Senate Report on 5G: Recipe for Disaster
The Democratic Staff Report Prepared for the use of the Committee on Foreign Relations United States Senate, July 21, 2020, entitled "The New Big Brother," is actually all about 5G technology. The report jumps on the runaway anti-China train chaotically flailing around Washington these days to "out-Trump, Trump." It characterizes 5G technology, longstanding international collaboration, and COVID-19 tracking as all part of a global conspiracy for "digital authoritarianism" run out of Beijing. The proposed recommendations call for removing the U.S. from the real world to a 5G Fantasia by creating an "American 5G telecommunications alternative" that would consist of an "Industry Consortium on 5G" combined with a "Federally Funded Research and Development Center (FFRDC) on 5G" — which are not only preposterous but also recipe for utter disaster. It is the 5G equivalent of "drink disinfectant to cure COVID-19." Ironically, it also bears a resemblance to the looney Trump NSC proposal in 2017 to create a U.S. Ministry of 5G Telecommunications.
Everything occurring in the 5G space in Washington today is utterly bereft of understanding of the 5G subject matter and driven by political abstractions and the politics of jingoism and xenophobia. The different branches of government, agencies, and K-street non-profits — spanning both political parties — are trying to outdo each with ever more outlandish assertions and proposals. As part of the game, each is also trying to ensnare potential offshore partners in a 5G dance of the loon. Fortunately, countries who have a better understanding of the subject matter and less vulnerable politicians have rejected Trump's overtures. Banning is a "lewser" strategy that only begets less security and a failure in the global marketplace.
A Short Overview of the Senate Report
If you jump to Annex 2 of the report — which is devoted to "the United States and 5G" — you can get a sense of what the Report authors know about the subject matter — which is basically nothing. It largely consists of radio spectrum lobbying material floating around Washington for the past several years. The word "virtualization" appears nowhere, and indeed the basics of 5G architectures, services, and protocols are not even mentioned. The entire conceptualization of 5G revolves around local political mantras citing concerns raised by "former military leaders." Most of the discussion and citations revolve around the radio spectrum, which is the least significant 5G development component. The only fact that they get right is that the U.S. has no radio access network transceiver vendors — which is almost irrelevant and of minimal strategic interest to the U.S. They obviously did not read the 5G Primer or examine any authoritative source materials.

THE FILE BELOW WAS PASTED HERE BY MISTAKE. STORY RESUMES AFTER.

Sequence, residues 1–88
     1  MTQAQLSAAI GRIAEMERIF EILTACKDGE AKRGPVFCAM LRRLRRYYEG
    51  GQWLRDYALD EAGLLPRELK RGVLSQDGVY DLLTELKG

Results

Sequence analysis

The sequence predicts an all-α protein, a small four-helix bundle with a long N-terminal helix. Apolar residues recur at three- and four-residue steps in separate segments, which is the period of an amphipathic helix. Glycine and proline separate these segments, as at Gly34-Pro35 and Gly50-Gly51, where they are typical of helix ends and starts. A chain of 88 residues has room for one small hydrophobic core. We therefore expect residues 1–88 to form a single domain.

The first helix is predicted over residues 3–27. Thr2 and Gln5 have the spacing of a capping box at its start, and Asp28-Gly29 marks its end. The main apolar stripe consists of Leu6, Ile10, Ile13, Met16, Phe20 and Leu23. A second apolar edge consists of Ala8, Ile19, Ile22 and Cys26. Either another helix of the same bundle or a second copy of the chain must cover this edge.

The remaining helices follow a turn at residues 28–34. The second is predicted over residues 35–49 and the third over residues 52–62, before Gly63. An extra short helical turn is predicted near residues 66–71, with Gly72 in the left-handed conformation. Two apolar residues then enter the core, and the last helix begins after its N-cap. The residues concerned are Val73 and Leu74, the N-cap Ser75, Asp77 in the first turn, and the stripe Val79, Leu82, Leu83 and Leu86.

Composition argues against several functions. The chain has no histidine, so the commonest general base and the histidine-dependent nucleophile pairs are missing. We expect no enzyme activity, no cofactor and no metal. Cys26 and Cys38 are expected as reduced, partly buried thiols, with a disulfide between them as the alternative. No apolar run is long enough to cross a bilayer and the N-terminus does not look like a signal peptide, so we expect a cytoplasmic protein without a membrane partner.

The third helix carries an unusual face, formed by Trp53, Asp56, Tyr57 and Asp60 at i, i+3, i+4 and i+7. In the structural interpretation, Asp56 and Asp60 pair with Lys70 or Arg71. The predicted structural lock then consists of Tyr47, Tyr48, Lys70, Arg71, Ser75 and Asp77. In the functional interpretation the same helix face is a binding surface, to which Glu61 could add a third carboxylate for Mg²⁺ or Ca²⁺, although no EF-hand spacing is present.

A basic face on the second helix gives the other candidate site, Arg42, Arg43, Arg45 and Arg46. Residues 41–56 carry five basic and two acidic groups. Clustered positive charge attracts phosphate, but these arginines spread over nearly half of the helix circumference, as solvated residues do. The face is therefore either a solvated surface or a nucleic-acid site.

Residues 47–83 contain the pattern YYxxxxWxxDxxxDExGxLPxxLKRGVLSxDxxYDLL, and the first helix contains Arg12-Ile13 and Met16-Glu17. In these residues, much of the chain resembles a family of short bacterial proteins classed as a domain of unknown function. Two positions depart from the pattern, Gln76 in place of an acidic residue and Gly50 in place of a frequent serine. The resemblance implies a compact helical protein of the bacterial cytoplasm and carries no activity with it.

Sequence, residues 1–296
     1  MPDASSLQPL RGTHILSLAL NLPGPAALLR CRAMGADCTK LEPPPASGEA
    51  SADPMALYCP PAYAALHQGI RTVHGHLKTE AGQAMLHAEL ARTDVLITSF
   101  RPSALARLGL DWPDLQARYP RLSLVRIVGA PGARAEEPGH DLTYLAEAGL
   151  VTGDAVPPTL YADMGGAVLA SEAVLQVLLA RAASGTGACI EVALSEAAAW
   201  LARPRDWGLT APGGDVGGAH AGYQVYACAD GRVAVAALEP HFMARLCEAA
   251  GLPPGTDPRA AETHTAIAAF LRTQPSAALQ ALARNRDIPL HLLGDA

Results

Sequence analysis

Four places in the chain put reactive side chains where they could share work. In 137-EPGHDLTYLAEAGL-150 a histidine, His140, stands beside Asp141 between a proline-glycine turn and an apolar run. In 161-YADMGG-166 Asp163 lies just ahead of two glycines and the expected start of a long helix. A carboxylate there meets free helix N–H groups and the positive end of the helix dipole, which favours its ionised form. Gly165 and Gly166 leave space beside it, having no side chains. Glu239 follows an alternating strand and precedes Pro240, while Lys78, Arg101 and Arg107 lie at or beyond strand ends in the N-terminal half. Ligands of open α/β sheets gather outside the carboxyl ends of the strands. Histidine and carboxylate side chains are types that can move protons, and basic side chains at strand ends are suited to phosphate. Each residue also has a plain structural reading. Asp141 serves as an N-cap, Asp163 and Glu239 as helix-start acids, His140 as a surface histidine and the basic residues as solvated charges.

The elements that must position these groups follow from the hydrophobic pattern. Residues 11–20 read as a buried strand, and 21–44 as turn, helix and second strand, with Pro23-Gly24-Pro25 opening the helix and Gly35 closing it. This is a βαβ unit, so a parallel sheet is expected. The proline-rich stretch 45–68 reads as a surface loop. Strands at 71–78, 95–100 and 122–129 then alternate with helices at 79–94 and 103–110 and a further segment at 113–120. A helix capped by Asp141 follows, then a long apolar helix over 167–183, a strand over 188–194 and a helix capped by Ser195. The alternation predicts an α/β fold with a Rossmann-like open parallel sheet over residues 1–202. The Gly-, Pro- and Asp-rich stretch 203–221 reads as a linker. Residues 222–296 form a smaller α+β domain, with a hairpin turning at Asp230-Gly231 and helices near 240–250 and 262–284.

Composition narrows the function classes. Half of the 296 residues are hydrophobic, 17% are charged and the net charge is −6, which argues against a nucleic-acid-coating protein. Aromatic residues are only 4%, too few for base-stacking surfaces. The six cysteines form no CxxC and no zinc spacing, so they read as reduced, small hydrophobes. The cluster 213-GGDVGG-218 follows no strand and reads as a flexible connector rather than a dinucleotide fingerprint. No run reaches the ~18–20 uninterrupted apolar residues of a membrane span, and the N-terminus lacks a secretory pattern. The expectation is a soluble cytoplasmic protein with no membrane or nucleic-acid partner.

Where the report really goes off the rails is the section on International Standards-Setting Bodies. It only treats two of the many bodies involved — 3GPP and the "International Telecommunications [sic] Union." The report blathers endlessly about the fact that the current ITU Secretary-General, Houlin Zhao, happens to be from China — ignoring the fact that ITU is a federation of bodies and the Secretary-General just runs the General Secretariat. As a kind of new low in despicable disparagement, the report describes Sec-Gen Zhao solely as "a former delegate at the Designing Institute of the Ministry of Posts and Telecommunications of China." It fails to say that he held this position as a young engineer almost forty years ago before he came to the ITU and served admirably for the past four decades as a CCITT study group support engineer, Director of the Telecommunication Standardization Bureau and Deputy Secretary-General. He has devoted his career to furthering global communications for every nation.
The pièce de résistance of this Report is the Conclusions and Recommendations section. It begins with a Trumpian conspiracy theory — 5G is all about a "digital authoritarianism" model perpetuated by China. It even contains an echo of McCarthyism, claiming that "the United States is now on the precipice of losing the future of the cyber domain to China."